Today in life…

5 Jul

Extended School Year (ESY) started up again. I’m so happy Maura qualifies for it because all I’ve heard since school has let out from her is “Class? I like class. Class?”

The girl wanted to go to class.

Today, she got to go.

However, she noticed the bus pulled up from a different direction. And she got all “Nope. Not my bus, keep moving, you’re coming from the wrong direction. My bus always heads south, not north.”

Or, at least, that’s how I interpreted her “No…bus…” and pointing north.

(I think it’s north. I’m not really sure. We’ll pretend it is north.)

I explained that she rides a different bus for summer. And she understood. I love it when we understand each other. I understood the question, she understood the answer. It shows that all our hard work pays off. I say “our hard work” because when you have a child with a communication disorder, as a parent, it’s easy to fall into the rut of silence. I can easily anticipate Maura’s needs most of the time. She gets really comfortable in that rut as well. Basically, we both get a little lazy. So lately, I’ve been working on prompting her to explain herself more, be more vocal, show me, more interpretive dance moves – anything but her stare of “Can you read my mind?” that she’ll do. I still don’t expect Shakespeare from her. I would be totally cool with scripting. I expect her to quote Doctor Who to me.


She had a great first day of ESY and came off the bus ready for lunch, because it was lunchtime, and learning makes my kids hungry. So does breathing and being awake. I made her a sandwich and got her some applesauce. She was happy. I went on the computer. She foraged for something more and came to me with one of those ice pops, a blue one, in need of cutting open.

“LOOK!” she said, showing it to me. “STAR!” she stated, pointing to the word “STAR” written on the ice pop packaging, as I bought the Star Wars themed ones.

“VERY GOOD!” I said. And yes, we communicated in all caps because my daughter pointed out a word to read to me. Because she’s learning to read. BECAUSE SHE COULD READ THAT WORD AND IT’S FRICKEN AWESOME AND EXCITING!

Really, we’re having a terrific day today. And that’s not just all the caffeine in me talking. Though that was nice too!

I still can’t put my vacuum away

29 Jun

Once upon a time, I had three little kids, ages 5, 3, and 1. I also had a dining room that was carpeted and a tiny galley kitchen that was too small to eat in. My mother came over one day, and for some reason, asked where my vacuum went. The vacuum that stood proudly in the corner of the dining room.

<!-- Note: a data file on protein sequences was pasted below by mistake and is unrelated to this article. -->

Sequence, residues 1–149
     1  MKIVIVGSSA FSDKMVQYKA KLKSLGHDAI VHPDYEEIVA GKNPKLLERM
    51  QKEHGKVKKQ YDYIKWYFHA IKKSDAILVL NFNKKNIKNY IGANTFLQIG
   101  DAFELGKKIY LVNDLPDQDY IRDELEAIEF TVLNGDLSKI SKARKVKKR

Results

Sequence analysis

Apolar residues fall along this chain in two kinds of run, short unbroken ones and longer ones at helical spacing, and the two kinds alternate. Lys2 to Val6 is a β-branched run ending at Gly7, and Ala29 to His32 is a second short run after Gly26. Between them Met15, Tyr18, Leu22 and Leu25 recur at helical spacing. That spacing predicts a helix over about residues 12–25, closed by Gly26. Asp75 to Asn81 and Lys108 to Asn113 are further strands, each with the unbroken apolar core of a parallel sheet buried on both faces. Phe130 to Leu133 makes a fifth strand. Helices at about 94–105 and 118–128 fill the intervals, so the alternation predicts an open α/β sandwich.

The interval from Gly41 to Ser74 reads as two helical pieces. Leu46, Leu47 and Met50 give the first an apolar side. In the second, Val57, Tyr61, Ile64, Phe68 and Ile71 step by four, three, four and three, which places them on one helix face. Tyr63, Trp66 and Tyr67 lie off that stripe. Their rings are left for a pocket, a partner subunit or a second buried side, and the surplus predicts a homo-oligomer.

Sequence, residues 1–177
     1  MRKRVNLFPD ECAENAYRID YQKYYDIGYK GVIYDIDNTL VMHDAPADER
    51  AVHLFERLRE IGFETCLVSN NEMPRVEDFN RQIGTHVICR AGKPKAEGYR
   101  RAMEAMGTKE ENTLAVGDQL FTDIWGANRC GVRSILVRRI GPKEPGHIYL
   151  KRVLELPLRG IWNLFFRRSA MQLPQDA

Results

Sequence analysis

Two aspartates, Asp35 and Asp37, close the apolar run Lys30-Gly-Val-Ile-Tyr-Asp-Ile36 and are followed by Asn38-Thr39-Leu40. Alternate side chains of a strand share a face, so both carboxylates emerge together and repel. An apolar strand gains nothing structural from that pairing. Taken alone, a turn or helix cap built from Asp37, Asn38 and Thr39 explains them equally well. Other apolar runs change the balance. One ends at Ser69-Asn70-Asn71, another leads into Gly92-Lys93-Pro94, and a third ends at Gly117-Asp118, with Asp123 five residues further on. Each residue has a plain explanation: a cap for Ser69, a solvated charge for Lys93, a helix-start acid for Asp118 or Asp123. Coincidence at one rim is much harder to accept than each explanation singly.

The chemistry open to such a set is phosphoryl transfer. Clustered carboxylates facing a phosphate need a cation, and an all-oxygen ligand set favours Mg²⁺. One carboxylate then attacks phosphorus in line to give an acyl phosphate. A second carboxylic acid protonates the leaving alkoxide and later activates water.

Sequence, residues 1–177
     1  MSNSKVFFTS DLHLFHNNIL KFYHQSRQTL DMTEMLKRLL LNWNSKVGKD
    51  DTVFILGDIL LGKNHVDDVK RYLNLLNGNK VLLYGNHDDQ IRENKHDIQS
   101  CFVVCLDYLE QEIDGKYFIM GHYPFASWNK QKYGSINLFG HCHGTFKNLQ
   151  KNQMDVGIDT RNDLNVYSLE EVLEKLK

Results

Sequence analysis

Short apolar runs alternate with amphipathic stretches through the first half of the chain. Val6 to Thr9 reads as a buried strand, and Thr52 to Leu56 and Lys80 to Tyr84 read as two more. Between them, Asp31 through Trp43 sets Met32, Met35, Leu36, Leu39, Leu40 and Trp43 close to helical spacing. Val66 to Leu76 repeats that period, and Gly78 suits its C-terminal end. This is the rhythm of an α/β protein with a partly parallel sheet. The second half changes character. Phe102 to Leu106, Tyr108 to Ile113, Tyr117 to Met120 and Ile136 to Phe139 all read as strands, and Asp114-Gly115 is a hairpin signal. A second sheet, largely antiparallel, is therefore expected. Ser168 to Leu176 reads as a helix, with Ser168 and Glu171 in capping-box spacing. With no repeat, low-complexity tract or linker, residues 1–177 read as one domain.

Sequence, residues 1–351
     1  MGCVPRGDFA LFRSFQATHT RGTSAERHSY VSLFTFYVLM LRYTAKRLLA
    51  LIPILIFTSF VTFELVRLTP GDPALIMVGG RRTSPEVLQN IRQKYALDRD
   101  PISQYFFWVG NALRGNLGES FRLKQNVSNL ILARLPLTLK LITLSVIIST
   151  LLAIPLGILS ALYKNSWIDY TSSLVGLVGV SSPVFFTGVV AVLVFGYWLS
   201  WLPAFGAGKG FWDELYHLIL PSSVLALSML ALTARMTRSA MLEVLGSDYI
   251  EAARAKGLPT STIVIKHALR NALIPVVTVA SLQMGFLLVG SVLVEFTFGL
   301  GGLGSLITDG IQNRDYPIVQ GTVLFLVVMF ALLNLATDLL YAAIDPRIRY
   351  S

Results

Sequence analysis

“Where does it go?” she asked.

“What do you mean?” I responded, confused.

“Where do you put it away when you’re not using it?” she clarified.

“I don’t understand what you’re saying…away…not using…what?”

One kid and a few houses later, and I should be able to put my vacuum away. Yet I don’t. You can come over and find it parked somewhere, still plugged in, ready to be used in a heartbeat. Oh sure, I can say it’s because the one dog sheds a tiny dog’s worth of hair every day, and both track in dirt. But it’s also because we’re still in the “discovery” phase with Maura. The “if left to her own devices, it may look like a hurricane blew through here” phase. The “I swear, I just vacuumed, what the heck kid? That was a full box of cereal. Why do I never have a dog that’ll eat cereal?” phase.

Luckily, I now live with hardwood and laminate flooring, so when Maura dumps milk across the table and onto the floor, it can all be easily cleaned up with a towel, and the cereal and dog hair are easy to vacuum up.

If I stop to over-analyze it all, it could become very depressing, being stuck in this phase of development. Luckily, I know that with Maura, one shouldn’t look at the broad picture. One looks at what’s happening in front of us, the little things that are big. Like she was able to button a button herself – huge for a girl with bendy fingers and wonky fine motor skills! Or the other night, without prompting, she took her plate to the kitchen. Sure, she scraped it all off into the sink, but she’s now equal to her siblings on this particular task. If she spills the proverbial milk, she will grab a kitchen towel and do her best to clean it up.

I may never be able to put my vacuum away, but I don’t see that as a loss. Instead, it’s a reminder that we’re still winning. We’re still moving forward, even if it’s in baby steps. It means that we have more important things to do than unplug the vacuum, wind up the cord, and put it in a designated place. In a weird way, it’s a symbol of development in my house. Progress is messy, people, but we’re prepared to handle all that comes with it.


For now, rest, little Shark

How our summer’s going so far

27 Jun


starring Maura as Candace, and me as Mom.

Why yes, we are watching a lot of “Phineas and Ferb”, why do you ask?

Hey, where’s Perry?


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